I have known this particular journey would lead to a book almost from day 1. I know the story I want to weave and share. I know I am the one to write it because there is no one else. This story is birthed from a shared personal experience unique to me and two of my main characters. Curiosity has led me down this extraordinary path. From the beginning, I chose to just follow the crumbs in front of me. That is all I could do.

Liz Gilbert’s book, Big Magichas been instrumental in helping me honor my curiosity for what it is… something worth pursuing in its own rite. I don’t have to qualify or quantify it. Curiosity if a gift in itself and worthy of pursuing no matter where it leads and for how long and for what reason. In Big Magic, Liz shares about how her book, The Signature of All Things, came to be. 

She bought a house with a yard with some new-to-her trees and plants. She decided to research one particular tree one day. She discovered it had a fascinating origin story. She decided to research another one and then another. A couple of years went by and eventually, to her surprise and wonder, she had the bones of a new novel in her hands. 

"It was a novel I never saw coming. It had started with nearly nothing. I did not leap into it with my hair on fire. I inched towards it, clue by clue. By the time I looked up from my scavenger hunt and began to write, I was completely consumed with passion... That's big magic, too."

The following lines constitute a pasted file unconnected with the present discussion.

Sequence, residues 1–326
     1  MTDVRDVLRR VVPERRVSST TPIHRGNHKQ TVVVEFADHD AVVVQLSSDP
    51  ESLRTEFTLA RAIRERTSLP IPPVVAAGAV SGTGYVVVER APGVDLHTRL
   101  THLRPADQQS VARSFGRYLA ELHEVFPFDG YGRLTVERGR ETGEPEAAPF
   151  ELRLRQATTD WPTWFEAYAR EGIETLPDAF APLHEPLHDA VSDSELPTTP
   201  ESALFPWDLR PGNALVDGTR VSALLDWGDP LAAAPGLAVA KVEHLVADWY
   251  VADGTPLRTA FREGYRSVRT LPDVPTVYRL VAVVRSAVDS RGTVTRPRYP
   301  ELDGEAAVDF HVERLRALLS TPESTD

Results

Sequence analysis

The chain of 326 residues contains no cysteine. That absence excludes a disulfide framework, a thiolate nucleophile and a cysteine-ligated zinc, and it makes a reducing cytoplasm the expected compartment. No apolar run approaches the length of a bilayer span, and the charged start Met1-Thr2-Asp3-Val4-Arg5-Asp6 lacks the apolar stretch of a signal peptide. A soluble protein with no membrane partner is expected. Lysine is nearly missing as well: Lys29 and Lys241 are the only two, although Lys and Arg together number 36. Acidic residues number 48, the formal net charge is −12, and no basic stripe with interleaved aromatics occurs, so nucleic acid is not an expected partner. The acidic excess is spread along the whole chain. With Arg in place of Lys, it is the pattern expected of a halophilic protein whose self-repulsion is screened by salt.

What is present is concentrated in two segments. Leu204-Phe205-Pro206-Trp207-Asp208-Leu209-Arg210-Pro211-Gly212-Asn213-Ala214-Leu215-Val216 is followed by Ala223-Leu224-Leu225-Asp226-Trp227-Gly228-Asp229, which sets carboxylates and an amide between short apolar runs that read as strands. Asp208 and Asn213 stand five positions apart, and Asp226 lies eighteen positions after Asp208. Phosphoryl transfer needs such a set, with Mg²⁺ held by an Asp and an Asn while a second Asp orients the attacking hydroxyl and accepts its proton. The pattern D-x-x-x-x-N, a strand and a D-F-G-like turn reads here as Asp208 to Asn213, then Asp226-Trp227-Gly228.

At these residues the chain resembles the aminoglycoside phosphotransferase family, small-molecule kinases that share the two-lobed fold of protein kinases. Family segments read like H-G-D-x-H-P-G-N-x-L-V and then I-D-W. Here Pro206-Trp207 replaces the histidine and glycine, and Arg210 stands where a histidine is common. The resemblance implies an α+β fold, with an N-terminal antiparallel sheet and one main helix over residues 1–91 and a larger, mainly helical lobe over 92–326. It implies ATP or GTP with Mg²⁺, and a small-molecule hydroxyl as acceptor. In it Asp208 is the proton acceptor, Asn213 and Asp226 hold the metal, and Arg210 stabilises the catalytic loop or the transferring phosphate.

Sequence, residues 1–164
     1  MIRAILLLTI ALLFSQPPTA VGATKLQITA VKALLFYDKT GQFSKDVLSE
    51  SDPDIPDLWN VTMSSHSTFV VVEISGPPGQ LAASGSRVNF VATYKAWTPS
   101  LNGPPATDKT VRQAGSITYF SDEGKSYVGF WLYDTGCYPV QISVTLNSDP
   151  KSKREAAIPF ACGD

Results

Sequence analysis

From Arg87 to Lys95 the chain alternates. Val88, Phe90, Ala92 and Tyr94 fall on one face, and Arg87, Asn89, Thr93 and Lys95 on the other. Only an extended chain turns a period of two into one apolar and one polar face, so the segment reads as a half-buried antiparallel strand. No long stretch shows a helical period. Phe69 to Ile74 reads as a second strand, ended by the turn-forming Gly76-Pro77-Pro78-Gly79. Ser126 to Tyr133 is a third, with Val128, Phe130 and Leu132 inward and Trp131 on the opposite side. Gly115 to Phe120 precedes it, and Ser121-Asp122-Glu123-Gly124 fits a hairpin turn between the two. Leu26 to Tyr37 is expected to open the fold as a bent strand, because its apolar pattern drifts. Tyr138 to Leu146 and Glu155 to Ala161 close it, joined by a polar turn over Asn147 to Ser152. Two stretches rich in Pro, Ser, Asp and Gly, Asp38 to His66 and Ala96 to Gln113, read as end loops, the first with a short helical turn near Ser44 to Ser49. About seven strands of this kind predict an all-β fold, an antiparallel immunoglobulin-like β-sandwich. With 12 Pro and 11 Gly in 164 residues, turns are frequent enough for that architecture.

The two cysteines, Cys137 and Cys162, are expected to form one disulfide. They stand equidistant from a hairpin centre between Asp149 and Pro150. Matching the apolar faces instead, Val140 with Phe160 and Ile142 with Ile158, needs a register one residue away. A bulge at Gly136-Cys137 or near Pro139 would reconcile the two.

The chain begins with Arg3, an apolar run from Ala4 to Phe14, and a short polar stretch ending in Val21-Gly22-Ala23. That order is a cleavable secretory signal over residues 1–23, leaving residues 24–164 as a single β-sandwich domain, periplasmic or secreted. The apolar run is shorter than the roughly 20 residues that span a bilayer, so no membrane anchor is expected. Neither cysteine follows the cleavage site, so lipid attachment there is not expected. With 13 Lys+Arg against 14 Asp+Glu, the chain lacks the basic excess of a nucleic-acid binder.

"Curiosity only ever asks one question: Is there anything you're interested in? Anything?"

"In that moment... curiosity will ask you to turn your head a quarter of an inch and look at the thing a wee bit closer. It's a clue. Follow that clue. Trust it. See where curiosity will lead you next and then to the next clue and the next.”

“In that moment... curiosity will ask you to turn your head a quarter of an inch and look at the thing a wee bit closer. It's a clue. Follow that clue. Trust it. See where curiosity will lead you next and then to the next clue and the next.”